Are “Cool” Offices a Ticking Time bomb?
Adult slides, table football and relaxation pods – companies are racing to out-do each other to win the title of the coolest office, but are they putting their employees at risk in the long-term?
Don’t get me wrong, companies that invest their time, effort and money into creating beautiful and inspiring workspaces for their employees should be praised and the column-inches these offices garner are very well-deserved. However, in bringing home touches to the office and blurring the lines between the corporate world and the “real” world, these new workspaces could prove a ticking time-bomb for the health and wellbeing of workers. Furniture that doesn’t provide sufficient support to working postures means that businesses are potentially breaking the law and gives rise to an increased risk of their employees developing strain and musculoskeletal disorders over time. It could also prove very costly for employers in the long-term.
What does the law say? Under the Health and Safety at Work etc Act 1974 and the Management of Health and Safety at Work Regulations 1999, employers have general duties to manage and control the risks associated with work-related injury and ill health, including musculoskeletal disorders (MSDs). This means carrying out analysis of workstations to assess and reduce risks, assuring that controls are in place and that information, training and eye tests are provided. Within this, if there are employees regularly using Display Screen Equipment (DSE), for example computers and laptops, as part of their normal work, a compliant chair is required, which, along with other features, is height adjustable and has a backrest that can be height and tilt adjusted.
Communal wooden workbenches and colourful beanbags are replacing the conventional workstation and task chair in many stylish offices. They look good, but often, these seating options do not offer the adjustability of a typical office chair and sitting on them for several hours every day can lead to discomfort and, in more serious cases, pain and long-term conditions. In addition, with more and more companies moving to hot-desking in their offices, it is common to see employees hunched over a laptop at a desk, sitting too low or too high in their chairs. According to Government studies, musculoskeletal disorders are the most common reason for repeat GP consultations and are behind 60 per cent of cases of long-term sick leave. In 2014/2015, MSDs counted for 44 per cent of all work-related illnesses and an estimated 9.5 million working days were lost as a result of work-related MSDs. This results in a loss for companies, which could easily be avoided with some simple steps.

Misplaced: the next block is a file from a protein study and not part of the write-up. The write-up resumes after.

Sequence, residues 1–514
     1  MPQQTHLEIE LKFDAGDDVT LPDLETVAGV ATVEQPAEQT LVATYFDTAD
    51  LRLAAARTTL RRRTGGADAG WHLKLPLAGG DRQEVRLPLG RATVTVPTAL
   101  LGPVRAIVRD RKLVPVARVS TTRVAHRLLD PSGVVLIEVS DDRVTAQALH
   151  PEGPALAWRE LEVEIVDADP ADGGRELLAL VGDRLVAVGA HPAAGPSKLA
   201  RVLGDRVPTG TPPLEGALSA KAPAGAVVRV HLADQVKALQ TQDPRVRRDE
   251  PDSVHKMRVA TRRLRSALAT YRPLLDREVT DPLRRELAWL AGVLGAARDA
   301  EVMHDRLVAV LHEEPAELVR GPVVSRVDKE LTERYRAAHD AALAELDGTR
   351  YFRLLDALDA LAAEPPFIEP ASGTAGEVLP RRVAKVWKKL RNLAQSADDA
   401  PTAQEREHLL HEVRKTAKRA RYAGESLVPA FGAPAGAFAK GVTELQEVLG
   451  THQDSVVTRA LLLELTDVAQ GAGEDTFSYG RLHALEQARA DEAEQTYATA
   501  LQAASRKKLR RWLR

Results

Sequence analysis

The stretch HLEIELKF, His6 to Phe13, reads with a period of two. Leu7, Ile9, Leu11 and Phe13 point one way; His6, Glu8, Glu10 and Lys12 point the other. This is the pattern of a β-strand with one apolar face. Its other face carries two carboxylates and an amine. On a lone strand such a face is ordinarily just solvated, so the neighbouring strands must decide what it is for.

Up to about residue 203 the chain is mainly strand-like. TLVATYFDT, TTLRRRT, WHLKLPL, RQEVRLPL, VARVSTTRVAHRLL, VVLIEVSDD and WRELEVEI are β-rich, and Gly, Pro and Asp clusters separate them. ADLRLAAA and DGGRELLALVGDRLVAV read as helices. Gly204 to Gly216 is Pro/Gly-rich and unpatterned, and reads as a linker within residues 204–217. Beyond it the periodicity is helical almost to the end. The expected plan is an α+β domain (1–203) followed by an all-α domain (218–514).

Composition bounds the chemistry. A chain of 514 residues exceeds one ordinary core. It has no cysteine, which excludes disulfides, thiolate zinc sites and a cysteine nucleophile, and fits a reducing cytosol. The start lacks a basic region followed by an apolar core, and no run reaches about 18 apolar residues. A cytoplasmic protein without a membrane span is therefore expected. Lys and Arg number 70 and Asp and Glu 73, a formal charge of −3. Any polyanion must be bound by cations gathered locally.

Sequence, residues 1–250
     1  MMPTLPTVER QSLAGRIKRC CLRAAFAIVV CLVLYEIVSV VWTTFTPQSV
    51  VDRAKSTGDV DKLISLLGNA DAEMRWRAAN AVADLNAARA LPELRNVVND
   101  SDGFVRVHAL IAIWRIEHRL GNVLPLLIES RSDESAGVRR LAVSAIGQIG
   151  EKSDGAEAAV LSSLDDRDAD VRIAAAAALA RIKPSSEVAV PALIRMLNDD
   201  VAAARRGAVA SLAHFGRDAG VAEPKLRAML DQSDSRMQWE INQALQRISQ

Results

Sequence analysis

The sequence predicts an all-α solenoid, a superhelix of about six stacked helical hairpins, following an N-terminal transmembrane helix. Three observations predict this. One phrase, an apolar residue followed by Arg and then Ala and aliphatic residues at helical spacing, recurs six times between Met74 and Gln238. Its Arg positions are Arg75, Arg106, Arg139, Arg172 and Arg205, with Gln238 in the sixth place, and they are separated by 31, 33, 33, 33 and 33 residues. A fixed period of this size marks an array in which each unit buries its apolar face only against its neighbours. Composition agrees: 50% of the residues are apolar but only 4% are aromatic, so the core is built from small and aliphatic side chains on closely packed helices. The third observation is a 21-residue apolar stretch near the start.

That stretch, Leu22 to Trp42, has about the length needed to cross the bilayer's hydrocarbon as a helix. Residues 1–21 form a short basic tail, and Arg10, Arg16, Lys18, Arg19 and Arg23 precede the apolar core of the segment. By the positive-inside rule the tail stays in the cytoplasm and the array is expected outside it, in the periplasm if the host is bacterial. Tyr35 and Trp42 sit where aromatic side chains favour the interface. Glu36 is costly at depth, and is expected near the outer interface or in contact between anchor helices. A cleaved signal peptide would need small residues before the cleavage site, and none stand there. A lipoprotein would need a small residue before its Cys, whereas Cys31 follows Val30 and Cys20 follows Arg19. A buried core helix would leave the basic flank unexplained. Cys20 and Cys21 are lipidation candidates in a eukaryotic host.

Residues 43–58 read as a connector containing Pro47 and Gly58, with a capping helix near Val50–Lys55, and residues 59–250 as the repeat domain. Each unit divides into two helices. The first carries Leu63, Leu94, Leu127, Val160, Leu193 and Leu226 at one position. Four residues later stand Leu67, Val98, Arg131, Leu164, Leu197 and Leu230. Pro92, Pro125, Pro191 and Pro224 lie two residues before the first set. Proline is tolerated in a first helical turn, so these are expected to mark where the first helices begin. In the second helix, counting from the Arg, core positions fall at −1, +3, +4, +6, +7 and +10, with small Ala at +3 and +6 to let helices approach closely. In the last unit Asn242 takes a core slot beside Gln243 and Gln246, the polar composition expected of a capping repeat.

What are some examples of actions employers can take, to ensure that their offices designed to boost mental wellbeing and productivity, while also protecting their physical health and complying with the law?
- DSE workstation assessments, which are recommended for those who have their own desk and/ or who have specific conditions, such as MSDs, disability, pregnancy, etc. These will ensure that risks are minimised as far as is “reasonably practicable” and any other possible issues are identified.
- Training sessions to provide postural advice to employees with regards to hot-desking and flexible working, which will allow them to set up their workstation as ergonomically as possible, no matter whether they are using a sit-stand desk, conventional desk, or a table in the kitchen area at a client’s offices.
Frequent movement within the working day is another control measure to reduce the development of MSDs. Luckily, many cutting-edge office spaces offer a range of working environments, encouraging employees to move, such as high board desks for standing meetings and large, centralised and often boldly-coloured staircases. Remember, “good” working posture does not mean sitting at the PC like a robot.
COSAFE LIMITED is a health and safety consultancy, offering the full spectrum of services relating to workplace health and safety, for businesses of every size and specialising in the prevention and management of musculoskeletal disorders. To find out more, visit our website www.cosafeltd.com or get in touch at firstname.lastname@example.org
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